Waiting for the Big Crash
Every time that I read a story like this my immediate thought is that the entire Internet has become a house of cards that inevitably will collapse under its own weight. The Akamai crash this week was just the latest demonstration that we've built in far too many single-points of failure.
This is why anything that actually matters lives on my local hard drive, not in the cloud, and why I backup anything that I'm forced to keep on-line - I just don't trust any of the major Internet behemoths to keep my data safe, or available when I need it.
I guess it's a factor of age, but I can remember when the Internet was a cool new thing that added considerable utility in some areas, but wasn't yet critical to nearly every task and operation our lives. The fact that it's been allowed to grow so fast, so willy-nilly, and so entirely unregulated is cause for great concern.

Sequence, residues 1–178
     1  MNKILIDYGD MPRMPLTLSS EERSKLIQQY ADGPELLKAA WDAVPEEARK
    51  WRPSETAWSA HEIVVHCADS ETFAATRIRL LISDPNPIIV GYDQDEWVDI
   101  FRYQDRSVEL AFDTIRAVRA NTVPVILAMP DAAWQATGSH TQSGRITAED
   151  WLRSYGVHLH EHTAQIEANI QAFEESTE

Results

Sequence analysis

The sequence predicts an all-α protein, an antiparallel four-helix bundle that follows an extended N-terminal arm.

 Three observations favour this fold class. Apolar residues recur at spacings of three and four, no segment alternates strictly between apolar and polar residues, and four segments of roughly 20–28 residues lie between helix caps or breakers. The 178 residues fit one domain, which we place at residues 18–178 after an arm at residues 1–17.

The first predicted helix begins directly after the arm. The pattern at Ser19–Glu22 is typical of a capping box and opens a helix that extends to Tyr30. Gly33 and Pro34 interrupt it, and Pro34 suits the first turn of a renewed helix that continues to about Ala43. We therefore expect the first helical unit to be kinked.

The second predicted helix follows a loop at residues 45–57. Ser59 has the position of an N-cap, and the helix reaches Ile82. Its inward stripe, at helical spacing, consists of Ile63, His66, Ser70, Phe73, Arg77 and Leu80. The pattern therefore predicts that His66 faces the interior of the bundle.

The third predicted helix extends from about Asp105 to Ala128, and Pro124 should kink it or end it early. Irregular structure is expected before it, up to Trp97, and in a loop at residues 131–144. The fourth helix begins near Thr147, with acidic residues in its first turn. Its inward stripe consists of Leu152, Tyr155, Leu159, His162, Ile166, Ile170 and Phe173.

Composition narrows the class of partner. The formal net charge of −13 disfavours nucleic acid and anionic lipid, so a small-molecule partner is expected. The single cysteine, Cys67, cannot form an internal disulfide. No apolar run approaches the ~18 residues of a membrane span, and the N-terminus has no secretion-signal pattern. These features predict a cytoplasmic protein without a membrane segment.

And of course (Internet Archive notwithstanding) it saddens me greatly how much of our history has already been lost forever when web sites and news services just close up shop and disappear. Future historians will shake their heads and condemn us for the great gaps in our archival processes. Even sadder are the individuals and families who have entrusted their entire family histories and photo albums to Facebook or similar services without understanding that they could lose everything at a moment's notice.
Ultimately though what gives me pause is a firm belief that at the end of the day none of the big social media companies give a sweet god-damn about individual customers and users. Their utterly abysmal customer service is evidence that they really couldn't care less if you or I are harmed, locked out, or just leave. That attitude surely spreads to every corner of the operation, and leaves us all at considerable risk.